Last September, SpaceX was fueling its Falcon 9 for a routine test fire before launch when a composite liner inside the upper-stage fuel tank failed, letting oxygen seep in. Friction between the tank’s aluminum liner and carbon overwrap ignited a towering inferno that engulfed the rocket, the launch pad, and a $200 million satellite owned by Israeli firm Spacecom. It was SpaceX’s second disaster in 14 months—preceded by the explosion of a Falcon 9 heading to the International Space Station in June of 2015.
But far be it from Spacecom to get scared off by a little fire and brimstone. According to a Hebrew-language press release published last week, the company will attempt to launch another satellite atop a reusable Falcon 9 rocket in 2019—a freebie to make up for the first kablooie. And after that, they’ve signed up for another SpaceX launch in 2020.
Somehow, it seems, SpaceX has restored confidence in its customers after its failures in 2015 and 2016. This year, it has launched 15 missions, reusing three of its boosters. On that string of successes, Spacecom is returning to SpaceX’s launch manifest along with an array of customers lining up for dramatically low prices—and the opportunity to sign up for an even cheaper recycled booster launch. The value proposition is even appealing to that most cagey of customers: the United States military.
SpaceX owes a great deal of its reputation—and its $21 billion valuation—to its repeat customers. In 2013, Luxembourg-based communications provider SES took a risk to fly atop the first Falcon 9 rocket to geostationary orbit. In return, SpaceX offered SES the first reusable orbital rocket launch in aerospace history and all the free publicity that came along with it. The historic mission launched on March 30, and on October 11, SpaceX fired off its third reusable rocket, carrying another SES payload.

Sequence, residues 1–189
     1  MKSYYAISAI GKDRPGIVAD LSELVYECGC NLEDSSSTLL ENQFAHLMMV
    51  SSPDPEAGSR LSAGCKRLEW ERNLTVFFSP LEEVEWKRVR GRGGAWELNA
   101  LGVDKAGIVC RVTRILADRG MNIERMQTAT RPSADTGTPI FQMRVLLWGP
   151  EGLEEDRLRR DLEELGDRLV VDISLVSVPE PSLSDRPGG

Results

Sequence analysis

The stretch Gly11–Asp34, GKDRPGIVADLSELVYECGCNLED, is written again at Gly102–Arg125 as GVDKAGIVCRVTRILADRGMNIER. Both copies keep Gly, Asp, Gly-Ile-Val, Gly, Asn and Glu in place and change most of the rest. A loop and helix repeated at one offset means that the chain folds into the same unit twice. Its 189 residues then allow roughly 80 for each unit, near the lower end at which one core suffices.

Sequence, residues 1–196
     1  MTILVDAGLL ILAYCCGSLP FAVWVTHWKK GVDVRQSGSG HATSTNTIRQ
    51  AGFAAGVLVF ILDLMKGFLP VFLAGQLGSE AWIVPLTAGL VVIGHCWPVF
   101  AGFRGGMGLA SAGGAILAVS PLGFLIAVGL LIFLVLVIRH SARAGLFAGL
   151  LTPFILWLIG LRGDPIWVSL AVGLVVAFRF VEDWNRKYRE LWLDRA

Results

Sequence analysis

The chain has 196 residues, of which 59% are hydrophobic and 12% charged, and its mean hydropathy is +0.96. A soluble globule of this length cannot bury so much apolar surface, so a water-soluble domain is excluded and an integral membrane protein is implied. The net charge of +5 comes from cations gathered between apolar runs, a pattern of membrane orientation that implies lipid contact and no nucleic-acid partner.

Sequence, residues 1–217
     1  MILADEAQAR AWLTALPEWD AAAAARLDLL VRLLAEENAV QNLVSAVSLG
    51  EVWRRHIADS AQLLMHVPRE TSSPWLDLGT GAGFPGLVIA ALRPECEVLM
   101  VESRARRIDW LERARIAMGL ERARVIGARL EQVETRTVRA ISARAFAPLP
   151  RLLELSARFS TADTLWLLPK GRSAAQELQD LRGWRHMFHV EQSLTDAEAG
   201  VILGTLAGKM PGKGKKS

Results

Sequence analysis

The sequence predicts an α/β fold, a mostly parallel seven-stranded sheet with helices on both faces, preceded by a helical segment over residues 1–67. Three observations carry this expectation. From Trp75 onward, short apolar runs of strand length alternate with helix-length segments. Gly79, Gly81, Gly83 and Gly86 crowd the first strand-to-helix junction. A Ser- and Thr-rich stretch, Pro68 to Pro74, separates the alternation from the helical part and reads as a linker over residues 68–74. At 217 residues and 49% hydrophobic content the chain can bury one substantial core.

Another loyal customer, Iridium, indicated last week that its next two SpaceX launches would fly on reusable boosters. “I think you’re already seeing the commercial satellite industry realize the impact ‘flight proven’ boosters could have on the market,” says former White House space advisor and former SpaceX official Phil Larson. “Some are contributing to the overall push for this new capability.”
The main advantage for SpaceX is obvious: price. Going on just the advertised prices from both SpaceX and competitor United Launch Alliance for the cheapest mission, the difference in costs before taxes and insurance is about $47 million. Elon Musk claims that cost difference for certain launches could exceed $300 million––which is the average cost of a satellite. “So flying with SpaceX means satellite is basically free,” the billionaire tweeted.
Which is how SpaceX finally broke into the public sector. In May of 2015, SpaceX won a lawsuit to end the monopoly on Air Force missions held by United Launch Alliance—and today, the Air Force is a satisfied and enthusiastic customer. The head of US Space Command, John W. Raymond, told Bloomberg that it would be “absolutely foolish” not to be utilizing recycled rockets in the future.
And SpaceX would be foolish not to fight for those military contracts, which are the biggest it gets. So far, it’s done well: SpaceX launched its first national security mission earlier this year for the National Reconnaissance Office and followed that clandestine mission with another. In early September, as Hurricane Irma approached Florida’s coast, SpaceX launched the secretive Boeing-built X-37B spaceplane for the Air Force.
And just last week, SpaceX slated another top-secret mission—code-named Zuma—in between already planned launches in November. Documents obtained by WIRED point to a classified payload built by Northrop Grumman for the military. The details of the launch are heavily under wraps.
Next door to the Air Force at Cape Canaveral is NASA, another customer burned by SpaceX. In June of 2015, SpaceX lost an agency resupply haul bound for the International Space Station when the Falcon 9 exploded minutes after liftoff. But like Spacecom, the agency bounced back. Since the explosion, SpaceX has completed five successful resupply missions for NASA—and it’s making progress toward flying NASA astronauts to the space station in late 2018.
NASA’s interest in SpaceX’s reusable technology seems to be growing as well. Sources at Kennedy Space Center tell WIRED that NASA and SpaceX have preliminarily agreed to launch the next two cargo resupply missions to ISS atop reusable rockets. The agency also announced last week that it has contracted SpaceX to launch the collaborative Sentinel-6A mission in 2020 to gather ocean topography data.
Today, SpaceX’s mission cadence puts them in a dead heat with the Russians for 2017 launches. Vice President Mike Pence didn’t seem to notice, though, as he held the first National Space Council meeting on October 5. “America seems to have lost our edge in space,” Pence said.
SpaceX president Gwynne Shotwell sat on the panel, perplexed.